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Re: Regression: "find dir/. -type d -empty -delete" claims 'unsuccessful

From: Dmitry V. Levin
Subject: Re: Regression: "find dir/. -type d -empty -delete" claims 'unsuccessful', breaking scripts.
Date: Thu, 21 Nov 2013 05:56:01 +0400

On Wed, Nov 20, 2013 at 04:47:38PM -0800, Linda Walsh wrote:
> On 18/11/2013 16:29, Dmitry V. Levin wrote:
> >On Mon, Nov 18, 2013 at 03:55:52PM -0800, Linda A. Walsh wrote:
> >>In coreutils 8.21-7.1.3.
> >>
> >>It has been standard to use "." in a directory to mean it's contents
> >>on a recursive or copy  (compare cp -al src/. dst/.).
> >>
> >>However, "find dir/. -type d -empty -delete"  works, but
> >
> >Does it?
> >
> >$ mkdir dir && strace -eunlinkat -- find dir/. -type d -empty -delete
> >unlinkat(AT_FDCWD, "dir/.", AT_REMOVEDIR) = -1 EINVAL (Invalid argument)
> >find: cannot delete 'dir/.': Invalid argument
> >+++ exited with 1 +++
> ---
>       By "works", I mean it deletes everything from "." and below it,

$ mkdir dir dir/subdir && strace -eunlinkat -- find dir/. -type d -empty -delete
unlinkat(5, "subdir", AT_REMOVEDIR)     = 0
unlinkat(AT_FDCWD, "dir/.", AT_REMOVEDIR) = -1 EINVAL (Invalid argument)
find: cannot delete 'dir/.': Invalid argument
+++ exited with 1 +++

In other words, find honestly tries to unlink all empty directories in the
specified tree as requested.  In this case, linux kernel denies an attempt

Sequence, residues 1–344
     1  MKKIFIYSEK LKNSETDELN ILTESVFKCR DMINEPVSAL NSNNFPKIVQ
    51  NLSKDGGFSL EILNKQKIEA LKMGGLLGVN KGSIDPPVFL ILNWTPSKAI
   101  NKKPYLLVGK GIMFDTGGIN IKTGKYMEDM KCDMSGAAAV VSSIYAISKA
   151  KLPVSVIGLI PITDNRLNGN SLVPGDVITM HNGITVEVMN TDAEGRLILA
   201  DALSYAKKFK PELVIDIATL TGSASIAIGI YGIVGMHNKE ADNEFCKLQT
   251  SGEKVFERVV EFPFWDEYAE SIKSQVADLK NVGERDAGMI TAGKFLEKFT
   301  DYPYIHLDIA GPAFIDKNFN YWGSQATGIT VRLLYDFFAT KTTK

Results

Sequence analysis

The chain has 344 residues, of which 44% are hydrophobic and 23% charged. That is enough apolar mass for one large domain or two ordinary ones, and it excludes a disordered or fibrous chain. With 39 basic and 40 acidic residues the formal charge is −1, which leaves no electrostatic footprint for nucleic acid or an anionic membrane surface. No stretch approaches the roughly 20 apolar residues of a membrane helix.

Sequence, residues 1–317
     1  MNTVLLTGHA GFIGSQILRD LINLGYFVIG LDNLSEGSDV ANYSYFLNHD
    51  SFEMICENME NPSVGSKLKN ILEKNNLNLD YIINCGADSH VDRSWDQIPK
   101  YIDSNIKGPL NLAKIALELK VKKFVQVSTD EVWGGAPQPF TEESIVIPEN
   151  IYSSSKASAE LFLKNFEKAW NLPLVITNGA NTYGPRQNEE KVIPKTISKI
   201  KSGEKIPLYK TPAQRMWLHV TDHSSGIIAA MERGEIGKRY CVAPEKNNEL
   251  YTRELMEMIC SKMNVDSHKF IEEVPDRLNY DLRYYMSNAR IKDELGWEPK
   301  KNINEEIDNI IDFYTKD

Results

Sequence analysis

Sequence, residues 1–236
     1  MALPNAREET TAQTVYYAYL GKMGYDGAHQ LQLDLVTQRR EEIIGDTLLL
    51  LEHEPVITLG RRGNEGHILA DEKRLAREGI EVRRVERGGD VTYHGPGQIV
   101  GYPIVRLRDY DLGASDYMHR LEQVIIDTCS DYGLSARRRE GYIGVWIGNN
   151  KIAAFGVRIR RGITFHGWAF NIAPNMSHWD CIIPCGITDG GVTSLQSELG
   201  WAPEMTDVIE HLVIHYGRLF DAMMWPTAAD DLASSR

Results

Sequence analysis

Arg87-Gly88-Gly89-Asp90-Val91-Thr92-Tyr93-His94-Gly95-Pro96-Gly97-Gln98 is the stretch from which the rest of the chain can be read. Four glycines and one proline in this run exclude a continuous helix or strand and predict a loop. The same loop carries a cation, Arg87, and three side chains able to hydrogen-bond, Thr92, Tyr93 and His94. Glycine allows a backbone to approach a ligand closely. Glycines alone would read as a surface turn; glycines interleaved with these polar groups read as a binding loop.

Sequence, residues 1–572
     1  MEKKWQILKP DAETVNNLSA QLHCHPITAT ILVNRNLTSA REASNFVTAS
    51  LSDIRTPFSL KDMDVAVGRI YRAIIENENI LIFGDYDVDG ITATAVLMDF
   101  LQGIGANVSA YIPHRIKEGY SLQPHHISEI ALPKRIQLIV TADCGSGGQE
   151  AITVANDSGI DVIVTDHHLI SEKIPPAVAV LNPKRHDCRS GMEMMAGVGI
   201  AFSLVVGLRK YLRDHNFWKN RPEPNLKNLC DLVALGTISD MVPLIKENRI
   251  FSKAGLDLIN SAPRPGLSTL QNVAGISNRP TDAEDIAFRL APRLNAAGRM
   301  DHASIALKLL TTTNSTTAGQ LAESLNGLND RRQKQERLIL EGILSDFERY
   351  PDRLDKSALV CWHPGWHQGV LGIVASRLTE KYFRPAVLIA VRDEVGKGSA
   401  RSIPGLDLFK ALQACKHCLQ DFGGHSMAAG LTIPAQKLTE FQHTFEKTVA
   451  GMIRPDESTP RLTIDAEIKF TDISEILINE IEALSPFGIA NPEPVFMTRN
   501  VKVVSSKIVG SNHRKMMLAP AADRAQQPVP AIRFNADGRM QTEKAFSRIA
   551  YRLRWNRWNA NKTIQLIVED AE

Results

to unlink "dir/.", find reports the error and exits with a non-zero status.

Looks like you argue that find, instead of passing the user specified file
name to the kernel verbatim (like it does) should perform some artificial
manipulations with the user specified file name.

If find would do this, it would violate the principle of least surprise,
let alone posix conformance.

> >This behaviour seems to be consistent with rmdir...
> ---
> Does rmdir have a recursive behavior?  If not, I wouldnt'
> say it is an equivalent argument.

Both commands honestly try to perform the action requested, but underlying
kernel denies it, so they consistently report the error and exit with a
non-zero status.

> Compare to "cp -al dir1/. dir2/."
> Obviously you cannot link the 2 starting directories
> (or any directory underneath it), but it doesn't
> fail.   There is a reason for treating dir/. differently
> from "dir/", where the latter ends with a special char to
> indicate a directory, but the former case indicates a
> "pseudo entry" and is a syntactic place holder and it's
> actual existence is implementation dependent.

At least in this example, cp doesn't treat "dir1/." or "dir2/."
in a special way: it really creates a hardlinked copy of "dir1/."
in "dir2/./".  Of course, "dir2/./." already exists so it doesn't need
to be created, but all "dir1/." attributes are copied to "dir2/./.".


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